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Dietetic Directions Blog - Dietetic Directions - Dietitian and Nutritionist in Kitchener/Waterloo
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Dietetic Directions Blog

How to Expertly Navigate the Yogurt Aisle

To help us in navigating the mammoth yogurt aisle, it is my absolute pleasure to welcome Nicole Osinga as our dietitian guest blogger! Nicole and I connected over instagram where I began to learn more about her and her private practice in the Durum region. Nicole is also the contributor for the Toronto Star for column “Pump up my Snack”. Keep up the great work Nicole and thanks for helping us navigate the yogurt aisle!   In my opinion, the yogurt aisle is the most confusing and overwhelming aisle to navigate at the grocery store! It’s definitely the section I spend the longest time in. The yogurt aisle isn’t...

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Buy in Season, this Fall Season!

Fall is my favourite time of year! The colours are changing, the air is fresh and we can take pleasure in perusing the farmers markets, grocery store, or online grocery shopping for seasonal foods that are produced in Ontario during the fall harvest!   In my last blog, I highlighted from a Dietitian’s perspective, the top three benefits of buying local. Today, in part two, I will inspire you with my top 20 Ontario-grown, seasonal foods that are available during the fall harvest (or all year-round).   Variety for every season! Did you know that Ontario is the proud producer of over 50 different types of fruits and vegetables along with locally...

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Buy Local: A Dietitian’s Perspective

Are you a Locavore? Do you check where your food comes from before popping it into your grocery cart? According to Statistics Canada, over 40% of all fruits and vegetables purchased are imported. This statistic also includes foods that are grown in Canada like apples!   As a dietitian, many clients ask what types of food they should choose. Today, I will share my top 3 reasons to buy local. My follow-up blog will highlight 20 of my favourite locally grown foods in time for fall Harvest.   Andrea’s Top 3 Reasons to Buy Local: #1. Increased Food Awareness! Buying local increases our awareness and knowledge of where food comes from. After all,...

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My Food Role Model: Mastering a Love of Food!

What is your relationship with food? Is food the enemy or is food your friend? Be honest now! After all, the feelings stirring inside are subconsciously shaping your eating patterns and possibly your health. Last week, I experienced the phenomenal Tony Robbins up close and personal at his Toronto workshop.   He inspired us to think about how our feelings (or body movement) influence our emotional state and our reality. Tony got 5,000 people out of their seats and dramatically moving in order to reach their “peak energy state”.  Tony said, “Where focus goes energy flows”.  This got me wondering, where is our focus when it comes to food? If your...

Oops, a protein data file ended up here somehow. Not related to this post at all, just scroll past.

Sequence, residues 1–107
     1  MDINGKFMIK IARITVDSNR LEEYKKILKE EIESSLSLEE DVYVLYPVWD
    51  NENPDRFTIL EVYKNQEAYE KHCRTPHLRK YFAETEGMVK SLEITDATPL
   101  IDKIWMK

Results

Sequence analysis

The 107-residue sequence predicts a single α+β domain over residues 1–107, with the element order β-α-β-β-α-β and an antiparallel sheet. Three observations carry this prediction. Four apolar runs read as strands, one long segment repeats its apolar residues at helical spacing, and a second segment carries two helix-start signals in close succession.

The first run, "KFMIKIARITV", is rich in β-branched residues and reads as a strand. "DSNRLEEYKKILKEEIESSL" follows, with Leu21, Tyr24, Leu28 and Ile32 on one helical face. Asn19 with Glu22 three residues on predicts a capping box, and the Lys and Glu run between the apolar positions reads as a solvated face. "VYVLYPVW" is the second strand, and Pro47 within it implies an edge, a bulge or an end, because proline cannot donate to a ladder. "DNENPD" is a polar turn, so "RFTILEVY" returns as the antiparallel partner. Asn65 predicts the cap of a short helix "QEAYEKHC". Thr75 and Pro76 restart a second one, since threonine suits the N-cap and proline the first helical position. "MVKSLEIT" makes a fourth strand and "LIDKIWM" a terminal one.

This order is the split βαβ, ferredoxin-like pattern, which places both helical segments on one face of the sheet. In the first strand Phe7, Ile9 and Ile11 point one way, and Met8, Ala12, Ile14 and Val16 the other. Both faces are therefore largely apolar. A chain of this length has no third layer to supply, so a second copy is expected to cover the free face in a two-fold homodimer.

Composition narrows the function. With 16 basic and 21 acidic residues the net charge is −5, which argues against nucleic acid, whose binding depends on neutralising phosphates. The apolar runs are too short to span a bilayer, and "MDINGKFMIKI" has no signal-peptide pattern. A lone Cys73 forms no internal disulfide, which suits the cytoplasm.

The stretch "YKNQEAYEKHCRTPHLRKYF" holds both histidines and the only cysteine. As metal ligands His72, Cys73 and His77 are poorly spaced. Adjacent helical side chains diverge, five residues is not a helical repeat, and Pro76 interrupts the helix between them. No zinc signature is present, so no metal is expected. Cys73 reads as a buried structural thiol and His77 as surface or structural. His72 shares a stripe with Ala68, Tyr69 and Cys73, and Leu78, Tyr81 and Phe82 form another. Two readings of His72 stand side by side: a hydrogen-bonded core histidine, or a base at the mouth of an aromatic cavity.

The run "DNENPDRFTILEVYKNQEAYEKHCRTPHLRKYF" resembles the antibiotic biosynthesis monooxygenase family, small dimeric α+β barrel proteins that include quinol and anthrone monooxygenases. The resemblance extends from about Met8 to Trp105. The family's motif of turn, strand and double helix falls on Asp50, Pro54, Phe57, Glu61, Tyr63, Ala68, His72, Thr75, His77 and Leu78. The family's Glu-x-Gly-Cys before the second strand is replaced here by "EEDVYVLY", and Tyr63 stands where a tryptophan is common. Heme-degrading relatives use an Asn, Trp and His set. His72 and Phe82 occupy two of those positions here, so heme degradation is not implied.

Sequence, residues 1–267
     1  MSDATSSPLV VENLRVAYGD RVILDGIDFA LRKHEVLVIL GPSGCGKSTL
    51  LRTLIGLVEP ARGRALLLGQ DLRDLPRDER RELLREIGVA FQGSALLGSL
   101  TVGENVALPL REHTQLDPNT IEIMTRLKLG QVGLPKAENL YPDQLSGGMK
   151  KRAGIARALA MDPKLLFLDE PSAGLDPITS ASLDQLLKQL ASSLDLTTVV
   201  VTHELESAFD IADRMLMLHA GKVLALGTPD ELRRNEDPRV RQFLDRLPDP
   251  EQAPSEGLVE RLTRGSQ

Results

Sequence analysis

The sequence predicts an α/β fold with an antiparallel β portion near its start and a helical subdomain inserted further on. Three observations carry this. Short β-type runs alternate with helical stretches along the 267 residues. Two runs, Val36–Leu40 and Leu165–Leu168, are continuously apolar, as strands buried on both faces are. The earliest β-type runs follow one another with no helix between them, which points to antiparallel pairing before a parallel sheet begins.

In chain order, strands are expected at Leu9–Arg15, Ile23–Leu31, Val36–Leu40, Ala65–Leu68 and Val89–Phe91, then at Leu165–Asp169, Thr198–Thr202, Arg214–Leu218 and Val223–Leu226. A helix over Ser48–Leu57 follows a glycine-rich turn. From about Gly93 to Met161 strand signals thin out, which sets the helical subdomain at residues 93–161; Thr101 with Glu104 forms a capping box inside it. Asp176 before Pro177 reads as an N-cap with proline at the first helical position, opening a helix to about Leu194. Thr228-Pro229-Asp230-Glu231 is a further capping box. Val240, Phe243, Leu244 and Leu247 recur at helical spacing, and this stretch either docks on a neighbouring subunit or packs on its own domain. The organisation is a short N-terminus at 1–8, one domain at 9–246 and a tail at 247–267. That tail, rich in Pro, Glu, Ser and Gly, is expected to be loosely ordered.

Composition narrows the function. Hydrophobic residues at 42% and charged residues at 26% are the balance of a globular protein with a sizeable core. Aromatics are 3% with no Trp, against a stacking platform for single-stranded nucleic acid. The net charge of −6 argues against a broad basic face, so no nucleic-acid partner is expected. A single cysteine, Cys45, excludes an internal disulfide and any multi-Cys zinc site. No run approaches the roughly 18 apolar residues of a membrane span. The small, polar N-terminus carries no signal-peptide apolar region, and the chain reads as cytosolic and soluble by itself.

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Qi’a Superfood: My Product Review

Did you hear there’s a new “superfood” on the market? This marketing declaration refers to foods with an impressive nutrition profile and linked with supposed health benefits. However, this term is often over-used to sell products, as demonstrated by Dr. Oz (see past blog for Dr. Oz is no Diet authority).   What is Qi’a? Qi’a (pronounced Kee-ah) a new “superfood” cereal produced by Nature’s Path that contains three main ingredients: chia seeds, hemp and buckwheat. Qi’a comes in three flavours: original, cranberry almond and apple cinnamon.   Let’s Talk Nutrition: 2 Tbsp Qi’a = 140 calories, 4 grams of fibre and 6 grams of protein. Qi’a is a great source of plant-based protein and...

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Pack a Lunch your Picky Eater will Love!

Happy first day of school! What’s in your child’s lunchbox? And are you confident that your child will actually eat it? This year, in order to maximize your child’s health, let’s discuss how to pack a balanced lunch that even picky eaters will love! Here are seven practical tips to tackle this very common lunchbox challenge:   Andrea’s Top 7 Picky Eating Lunchbox Tips:   Make a list of favourites: Sit down with your child and make a list of favourite foods. However, lunches will not be limited to only foods on this list. During the brain storming session, divide your list into quadrants for each of the four food groups. Make...